I recently became involved in a situation in the schools here where a student rightfully deserved disciplinary action for an inappropriate behavior. Everyone, parents, teachers, administrators, even the student, agreed the behavior was wrong.
Everyone agreed that there needed to be connection between action and reaction. But there the agreement ended.
The parent and I both felt the context had not been fully taken into account, that the context itself provided significant mitigating factors and that the disciplinary action levied, which was quite severe, failed to take that context into account.
The school district disagreed and the disciplinary action went forward. The “zero tolerance” doctrine was invoked and, according to school officials, their hands were tied.
Lord willing, all will recover from this situation. But it won’t be an easy recovery. And, as always, situations like this push me to think about the way verses in the Bible are used and what “zero tolerance” might mean for people who seek to live the “with-God life,” understanding that the prayer, “thy kingdom come, thy will be done, on earth as it is in heaven” is meant to be taken very seriously.
What are some of the standards of behavior that are set before us in the Bible?
Frankly, they are pretty darn high. In fact, perfection is actually required. Try reading from the Gospel of Matthew, chapter 5. Jesus clearly states that no one gets into the kingdom of heaven unless they are even more righteous than the most righteous people of that day.
And then he gives some examples of really righteous living. Try a couple of these on for size:
“You know the next commandment pretty well, too: ‘Don’t go to bed with another’s spouse.’ But don’t think you’ve preserved your virtue simply by staying out of bed. Your heart can be corrupted by lust even quicker than your body. Those leering looks you think nobody notices – they also corrupt. “Let’s not pretend this is easier than it really is. If you want to live a morally pure life, here’s what you have to do: You have to blind your right eye the moment you catch it in a lustful leer. You have to choose to live one-eyed or else be dumped on a moral trash pile. And you have to chop off your right hand the moment you notice it raised threateningly. Better a bloody stump than your entire being discarded for good in the dump.
Too bad—if we did, it just might end lust and violence, two of the biggest scourges on the earth today. But we don’t, because we cut ourselves a whole bundle of slack. And we really hope that the gospel of grace in Jesus Christ is true, because if it is not, every single one of us is facing an eternity of total separation from a holy God.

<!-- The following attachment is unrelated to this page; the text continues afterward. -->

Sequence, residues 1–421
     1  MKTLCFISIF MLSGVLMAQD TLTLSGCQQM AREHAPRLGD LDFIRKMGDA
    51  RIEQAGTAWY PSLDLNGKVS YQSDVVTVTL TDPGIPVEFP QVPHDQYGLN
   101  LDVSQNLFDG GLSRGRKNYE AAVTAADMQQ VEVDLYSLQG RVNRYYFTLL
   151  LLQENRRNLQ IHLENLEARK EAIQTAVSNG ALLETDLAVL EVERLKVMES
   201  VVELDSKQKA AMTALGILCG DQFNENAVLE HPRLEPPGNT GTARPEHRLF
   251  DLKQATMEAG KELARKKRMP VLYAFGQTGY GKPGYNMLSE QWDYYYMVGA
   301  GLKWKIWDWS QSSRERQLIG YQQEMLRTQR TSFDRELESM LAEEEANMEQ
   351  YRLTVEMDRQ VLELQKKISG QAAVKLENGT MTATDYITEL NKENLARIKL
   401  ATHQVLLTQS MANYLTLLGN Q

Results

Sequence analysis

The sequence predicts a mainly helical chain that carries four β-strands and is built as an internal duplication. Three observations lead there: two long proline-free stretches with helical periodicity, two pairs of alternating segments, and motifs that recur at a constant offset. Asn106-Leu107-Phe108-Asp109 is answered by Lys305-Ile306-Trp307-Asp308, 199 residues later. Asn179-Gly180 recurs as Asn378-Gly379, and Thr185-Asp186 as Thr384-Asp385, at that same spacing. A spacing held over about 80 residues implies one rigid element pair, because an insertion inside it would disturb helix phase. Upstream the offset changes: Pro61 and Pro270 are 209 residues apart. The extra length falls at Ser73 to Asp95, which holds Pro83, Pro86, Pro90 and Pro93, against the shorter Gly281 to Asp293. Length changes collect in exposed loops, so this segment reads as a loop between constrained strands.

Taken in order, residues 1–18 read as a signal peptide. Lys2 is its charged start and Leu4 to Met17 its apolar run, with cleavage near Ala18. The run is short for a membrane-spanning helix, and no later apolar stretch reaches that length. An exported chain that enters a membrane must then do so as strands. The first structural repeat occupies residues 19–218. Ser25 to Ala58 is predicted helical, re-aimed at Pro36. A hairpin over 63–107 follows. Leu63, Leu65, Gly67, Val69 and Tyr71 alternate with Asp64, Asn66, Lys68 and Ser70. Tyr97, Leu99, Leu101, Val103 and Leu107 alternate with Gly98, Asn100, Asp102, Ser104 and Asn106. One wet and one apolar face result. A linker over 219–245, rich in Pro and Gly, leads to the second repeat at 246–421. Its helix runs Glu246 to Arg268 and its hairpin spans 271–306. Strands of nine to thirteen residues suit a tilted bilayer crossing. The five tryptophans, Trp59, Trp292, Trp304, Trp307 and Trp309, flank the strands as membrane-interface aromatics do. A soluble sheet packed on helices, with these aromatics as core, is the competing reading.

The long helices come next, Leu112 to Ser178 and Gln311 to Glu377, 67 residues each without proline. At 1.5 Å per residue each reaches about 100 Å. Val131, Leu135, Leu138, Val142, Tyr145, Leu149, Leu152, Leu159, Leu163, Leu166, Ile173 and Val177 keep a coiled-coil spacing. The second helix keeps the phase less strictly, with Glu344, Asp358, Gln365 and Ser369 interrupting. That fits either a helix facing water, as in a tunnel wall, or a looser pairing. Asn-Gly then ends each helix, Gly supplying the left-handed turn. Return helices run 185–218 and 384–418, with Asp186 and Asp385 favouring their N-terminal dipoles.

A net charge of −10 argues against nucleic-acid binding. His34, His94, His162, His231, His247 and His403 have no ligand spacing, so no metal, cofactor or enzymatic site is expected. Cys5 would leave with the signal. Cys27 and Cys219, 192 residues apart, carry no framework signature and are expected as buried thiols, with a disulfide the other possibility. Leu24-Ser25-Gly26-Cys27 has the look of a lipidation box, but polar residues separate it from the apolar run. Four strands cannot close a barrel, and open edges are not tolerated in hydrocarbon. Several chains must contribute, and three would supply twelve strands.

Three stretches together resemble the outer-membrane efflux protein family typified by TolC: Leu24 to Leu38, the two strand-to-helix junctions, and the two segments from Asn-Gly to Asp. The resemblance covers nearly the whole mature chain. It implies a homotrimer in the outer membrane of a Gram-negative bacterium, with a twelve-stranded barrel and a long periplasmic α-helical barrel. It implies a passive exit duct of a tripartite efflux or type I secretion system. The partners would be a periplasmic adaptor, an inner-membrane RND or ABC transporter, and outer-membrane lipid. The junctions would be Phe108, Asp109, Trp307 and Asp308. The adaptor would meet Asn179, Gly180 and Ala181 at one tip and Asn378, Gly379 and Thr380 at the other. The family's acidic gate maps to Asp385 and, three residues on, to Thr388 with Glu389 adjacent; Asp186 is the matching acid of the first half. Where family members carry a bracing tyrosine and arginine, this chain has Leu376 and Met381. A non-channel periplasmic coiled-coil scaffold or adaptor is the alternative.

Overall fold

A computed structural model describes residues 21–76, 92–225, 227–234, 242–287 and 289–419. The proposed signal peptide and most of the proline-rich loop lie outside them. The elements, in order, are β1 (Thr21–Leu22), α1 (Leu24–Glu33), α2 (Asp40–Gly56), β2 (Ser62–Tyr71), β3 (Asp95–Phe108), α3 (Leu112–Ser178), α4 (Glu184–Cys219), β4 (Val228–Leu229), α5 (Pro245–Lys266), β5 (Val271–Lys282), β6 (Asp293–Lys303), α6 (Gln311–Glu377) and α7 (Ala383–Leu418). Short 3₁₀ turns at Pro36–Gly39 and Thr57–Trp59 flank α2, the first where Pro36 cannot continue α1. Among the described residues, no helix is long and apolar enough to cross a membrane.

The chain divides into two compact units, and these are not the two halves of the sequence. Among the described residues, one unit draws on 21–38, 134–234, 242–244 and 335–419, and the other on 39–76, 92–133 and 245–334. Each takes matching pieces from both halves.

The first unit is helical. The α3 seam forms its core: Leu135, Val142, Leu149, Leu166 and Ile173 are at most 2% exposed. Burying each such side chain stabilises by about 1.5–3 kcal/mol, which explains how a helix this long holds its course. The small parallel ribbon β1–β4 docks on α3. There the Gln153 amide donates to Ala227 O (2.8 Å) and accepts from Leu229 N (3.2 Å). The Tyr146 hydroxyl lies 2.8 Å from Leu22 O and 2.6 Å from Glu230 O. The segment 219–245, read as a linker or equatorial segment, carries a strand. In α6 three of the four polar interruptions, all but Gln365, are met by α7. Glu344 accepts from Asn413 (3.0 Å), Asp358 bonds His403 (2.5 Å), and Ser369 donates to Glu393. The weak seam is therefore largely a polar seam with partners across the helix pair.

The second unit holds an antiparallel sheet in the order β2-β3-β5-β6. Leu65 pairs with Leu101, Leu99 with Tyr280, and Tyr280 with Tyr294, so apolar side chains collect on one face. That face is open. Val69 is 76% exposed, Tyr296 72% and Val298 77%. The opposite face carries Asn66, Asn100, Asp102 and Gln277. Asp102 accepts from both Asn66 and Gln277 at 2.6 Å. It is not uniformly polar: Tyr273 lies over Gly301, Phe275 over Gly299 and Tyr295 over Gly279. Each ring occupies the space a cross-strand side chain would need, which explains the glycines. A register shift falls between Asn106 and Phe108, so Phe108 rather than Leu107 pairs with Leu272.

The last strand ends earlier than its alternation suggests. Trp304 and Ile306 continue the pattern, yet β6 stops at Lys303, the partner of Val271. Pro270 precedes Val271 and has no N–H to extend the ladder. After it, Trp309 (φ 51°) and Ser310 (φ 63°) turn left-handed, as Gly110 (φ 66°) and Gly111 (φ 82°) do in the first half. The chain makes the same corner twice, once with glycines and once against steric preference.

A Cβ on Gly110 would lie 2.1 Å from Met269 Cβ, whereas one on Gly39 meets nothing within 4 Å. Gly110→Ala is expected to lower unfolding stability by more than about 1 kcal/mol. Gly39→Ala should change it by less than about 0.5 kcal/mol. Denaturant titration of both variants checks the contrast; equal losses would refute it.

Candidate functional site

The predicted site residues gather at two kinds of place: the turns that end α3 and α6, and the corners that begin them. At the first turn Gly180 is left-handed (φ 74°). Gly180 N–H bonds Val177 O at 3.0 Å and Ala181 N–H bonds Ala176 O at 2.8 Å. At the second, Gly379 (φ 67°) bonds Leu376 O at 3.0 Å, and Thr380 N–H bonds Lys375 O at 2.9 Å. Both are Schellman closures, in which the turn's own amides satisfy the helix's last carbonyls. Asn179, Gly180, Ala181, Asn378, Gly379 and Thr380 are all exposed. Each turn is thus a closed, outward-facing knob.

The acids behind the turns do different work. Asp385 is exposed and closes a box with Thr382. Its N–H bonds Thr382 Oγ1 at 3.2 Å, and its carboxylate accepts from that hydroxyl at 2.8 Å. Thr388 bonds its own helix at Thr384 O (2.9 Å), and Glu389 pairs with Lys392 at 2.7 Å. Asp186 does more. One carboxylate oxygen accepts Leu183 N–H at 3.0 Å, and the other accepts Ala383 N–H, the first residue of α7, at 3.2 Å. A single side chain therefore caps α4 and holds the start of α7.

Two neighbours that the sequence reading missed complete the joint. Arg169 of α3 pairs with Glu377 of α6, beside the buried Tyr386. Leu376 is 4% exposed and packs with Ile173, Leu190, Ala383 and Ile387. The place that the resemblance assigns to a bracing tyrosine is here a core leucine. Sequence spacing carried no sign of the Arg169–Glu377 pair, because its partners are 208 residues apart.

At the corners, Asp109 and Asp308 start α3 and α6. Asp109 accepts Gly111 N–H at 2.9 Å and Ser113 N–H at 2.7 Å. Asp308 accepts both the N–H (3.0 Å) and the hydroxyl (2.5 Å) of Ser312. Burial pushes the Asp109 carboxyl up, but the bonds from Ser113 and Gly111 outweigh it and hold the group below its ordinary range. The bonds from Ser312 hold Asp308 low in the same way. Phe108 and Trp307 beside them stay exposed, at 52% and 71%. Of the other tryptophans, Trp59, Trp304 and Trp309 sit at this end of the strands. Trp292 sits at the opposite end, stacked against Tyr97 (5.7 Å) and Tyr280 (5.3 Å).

But how do grace and forgiveness operate in the face of a real wrongdoing? Is punishment given? Or is it just all swept under the rug because we are forgiven?
I think we need to understand that grace does not mean not looking fully at the truth, even when that truth is painful to face. Wrongdoing, injustice, harmful actions and thoughts must be addressed. As they are exposed to the holy light of a loving and graceful God, sorrowful repentance opens the door to being able to receive the forgiveness so freely offered.
Yes, there are consequences to sinful behavior. But in the world that seeks real “with-God” living, consequences are meant to bring about reconciliation, not further separation. Those who have experience the freshness of grace bear those consequences as holy scars, knowing that they lead us to greater riches in God’s place.
The most holy among us are not those who have sinned the least—because there just isn’t anyone who can live up to the standards set by Jesus. The most holy among us are those who acknowledge the ever-present nature of sin.
They have received with open arms both the forgiveness given by God and the command to go forth as those alive to God and dead (or at least dying!) to sin. It takes guts and courage to do this. To my young friend who is experiencing what I do see as the ridiculous extreme of the zero-tolerance policy, I say: “You can survive this—and come out stronger for the experience. But if you are looking for fairness in life, know you will always, always be disappointed. Look for grace instead—and freely give it away when you get it.”